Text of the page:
What’s Neurotechnology and the Neurotech Network

    Neurotechnology is a broad field that encompasses many new technical devices from cochlear implants to help restore hearing to the deaf, neural prosthesis to provide movement to the paralyzed, deep brain stimulation to suppress tremors associated with Parkinson’s disease and spine stimulators to give relief to those with chronic pain.

    About 90 to 95 percent of the new businesses in this interest area are spawned from university research. The Neurotech Network reaches out to inform consumers about new devices being built and those about to come to the   marketplace. We also keep people up to date on the latest clinical trials.

    neurotech network

    In 2013, the United States signed onto what is now known as The Brain Initiative, which made funding available to study the human brain and to develop new devices to help people with brain impairments. Many new treatments, therapies and devices have been developed that often people don’t know are available. Our Network attempts to keep them informed on this information.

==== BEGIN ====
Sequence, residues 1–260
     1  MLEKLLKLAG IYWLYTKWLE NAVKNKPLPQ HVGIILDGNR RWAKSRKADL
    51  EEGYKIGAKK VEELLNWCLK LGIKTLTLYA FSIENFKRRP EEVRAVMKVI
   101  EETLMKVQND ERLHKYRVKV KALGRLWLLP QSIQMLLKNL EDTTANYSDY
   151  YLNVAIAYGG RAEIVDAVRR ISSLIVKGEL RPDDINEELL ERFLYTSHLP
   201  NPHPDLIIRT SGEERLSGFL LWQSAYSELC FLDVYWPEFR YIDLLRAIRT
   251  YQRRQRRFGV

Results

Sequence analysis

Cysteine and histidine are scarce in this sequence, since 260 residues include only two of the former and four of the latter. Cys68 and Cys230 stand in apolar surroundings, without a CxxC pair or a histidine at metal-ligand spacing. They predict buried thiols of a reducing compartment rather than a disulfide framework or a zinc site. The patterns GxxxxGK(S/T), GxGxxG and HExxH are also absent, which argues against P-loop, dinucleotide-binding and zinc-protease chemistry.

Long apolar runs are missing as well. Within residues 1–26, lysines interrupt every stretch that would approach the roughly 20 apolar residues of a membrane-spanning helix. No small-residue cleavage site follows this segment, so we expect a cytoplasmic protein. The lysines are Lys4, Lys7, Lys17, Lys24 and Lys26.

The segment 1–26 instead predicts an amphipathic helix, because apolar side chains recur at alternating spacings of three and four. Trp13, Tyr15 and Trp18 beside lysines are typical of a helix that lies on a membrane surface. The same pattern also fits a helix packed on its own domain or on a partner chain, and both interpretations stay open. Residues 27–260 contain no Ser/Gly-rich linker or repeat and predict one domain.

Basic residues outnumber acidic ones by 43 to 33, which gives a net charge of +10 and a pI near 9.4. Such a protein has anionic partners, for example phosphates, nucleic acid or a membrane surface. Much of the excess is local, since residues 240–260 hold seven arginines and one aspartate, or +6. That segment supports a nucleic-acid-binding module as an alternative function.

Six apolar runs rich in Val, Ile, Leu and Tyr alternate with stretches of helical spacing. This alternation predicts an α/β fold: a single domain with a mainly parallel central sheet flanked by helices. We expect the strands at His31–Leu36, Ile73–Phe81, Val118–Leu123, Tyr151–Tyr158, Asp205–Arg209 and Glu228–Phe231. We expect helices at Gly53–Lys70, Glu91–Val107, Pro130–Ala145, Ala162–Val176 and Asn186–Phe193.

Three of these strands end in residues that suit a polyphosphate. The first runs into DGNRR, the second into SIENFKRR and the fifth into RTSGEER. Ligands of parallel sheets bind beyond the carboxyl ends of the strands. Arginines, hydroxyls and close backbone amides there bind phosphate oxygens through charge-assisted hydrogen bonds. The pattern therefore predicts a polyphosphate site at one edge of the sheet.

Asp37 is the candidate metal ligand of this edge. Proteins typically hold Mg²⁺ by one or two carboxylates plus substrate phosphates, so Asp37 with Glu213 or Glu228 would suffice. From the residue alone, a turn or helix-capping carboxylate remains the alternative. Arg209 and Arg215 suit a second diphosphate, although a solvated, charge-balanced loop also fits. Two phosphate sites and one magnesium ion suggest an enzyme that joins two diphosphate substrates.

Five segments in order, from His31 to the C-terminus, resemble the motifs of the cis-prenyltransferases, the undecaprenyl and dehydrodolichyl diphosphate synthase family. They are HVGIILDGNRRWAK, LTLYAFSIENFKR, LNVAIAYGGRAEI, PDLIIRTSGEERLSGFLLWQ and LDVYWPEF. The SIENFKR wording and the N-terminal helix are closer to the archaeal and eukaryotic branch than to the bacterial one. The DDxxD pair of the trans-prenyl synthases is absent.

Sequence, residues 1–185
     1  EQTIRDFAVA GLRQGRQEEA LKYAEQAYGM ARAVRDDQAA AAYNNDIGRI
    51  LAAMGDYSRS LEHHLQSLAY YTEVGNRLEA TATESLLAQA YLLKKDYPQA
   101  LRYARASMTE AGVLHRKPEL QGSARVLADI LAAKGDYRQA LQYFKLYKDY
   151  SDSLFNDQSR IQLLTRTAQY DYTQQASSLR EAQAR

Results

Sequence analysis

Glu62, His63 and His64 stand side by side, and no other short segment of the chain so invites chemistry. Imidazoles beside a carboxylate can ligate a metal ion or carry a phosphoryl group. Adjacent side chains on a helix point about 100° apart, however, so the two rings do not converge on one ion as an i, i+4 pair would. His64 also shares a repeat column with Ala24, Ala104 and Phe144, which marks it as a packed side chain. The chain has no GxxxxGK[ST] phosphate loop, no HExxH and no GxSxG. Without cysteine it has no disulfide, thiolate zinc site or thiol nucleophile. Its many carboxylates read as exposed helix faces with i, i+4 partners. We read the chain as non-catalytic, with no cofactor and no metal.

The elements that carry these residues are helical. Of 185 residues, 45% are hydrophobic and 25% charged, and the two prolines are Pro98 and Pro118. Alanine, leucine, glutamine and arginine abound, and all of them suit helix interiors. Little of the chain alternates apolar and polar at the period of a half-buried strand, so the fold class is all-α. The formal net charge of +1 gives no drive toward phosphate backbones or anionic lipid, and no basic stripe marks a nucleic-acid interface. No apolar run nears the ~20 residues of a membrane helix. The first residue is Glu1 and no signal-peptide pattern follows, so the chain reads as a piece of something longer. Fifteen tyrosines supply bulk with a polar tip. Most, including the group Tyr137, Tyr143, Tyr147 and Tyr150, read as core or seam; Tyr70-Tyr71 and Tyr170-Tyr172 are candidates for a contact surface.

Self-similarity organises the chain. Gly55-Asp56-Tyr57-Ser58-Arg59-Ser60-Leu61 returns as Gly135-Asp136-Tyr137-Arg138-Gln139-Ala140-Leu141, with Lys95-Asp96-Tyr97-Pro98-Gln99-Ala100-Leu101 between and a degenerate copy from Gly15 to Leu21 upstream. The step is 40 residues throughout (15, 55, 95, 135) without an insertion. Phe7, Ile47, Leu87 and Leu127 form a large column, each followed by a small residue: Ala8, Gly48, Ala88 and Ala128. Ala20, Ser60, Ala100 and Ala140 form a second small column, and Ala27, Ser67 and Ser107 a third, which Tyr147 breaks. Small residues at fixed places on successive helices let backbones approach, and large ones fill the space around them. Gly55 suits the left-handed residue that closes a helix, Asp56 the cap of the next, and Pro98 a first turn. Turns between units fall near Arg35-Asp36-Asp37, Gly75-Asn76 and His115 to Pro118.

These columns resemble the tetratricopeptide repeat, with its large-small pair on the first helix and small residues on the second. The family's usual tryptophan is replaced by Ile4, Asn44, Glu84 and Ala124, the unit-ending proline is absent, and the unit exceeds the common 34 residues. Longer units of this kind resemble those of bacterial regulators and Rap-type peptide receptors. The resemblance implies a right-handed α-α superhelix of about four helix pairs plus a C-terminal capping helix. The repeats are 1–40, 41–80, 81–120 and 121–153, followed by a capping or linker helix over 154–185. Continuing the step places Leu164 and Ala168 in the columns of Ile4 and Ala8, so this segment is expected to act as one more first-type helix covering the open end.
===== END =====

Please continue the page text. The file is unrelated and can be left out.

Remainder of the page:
As a non-profit organization, the Neurotech Network doesn’t recommend or sell any of the new technology that we discuss on our webpage, and we’re not a medical facility.

    The purpose of our website is to communicate to the general public what’s available, and what research is being conducted to improve people’s lives through technology for specific types of injuries. After going to several National Institutes of Health conferences, meeting people with various neurological conditions  and learning about different new devices that people were using, I asked, “How did you learn  about this new technology?” Most of the people told me that finding the information on the new technology wasn’t easy.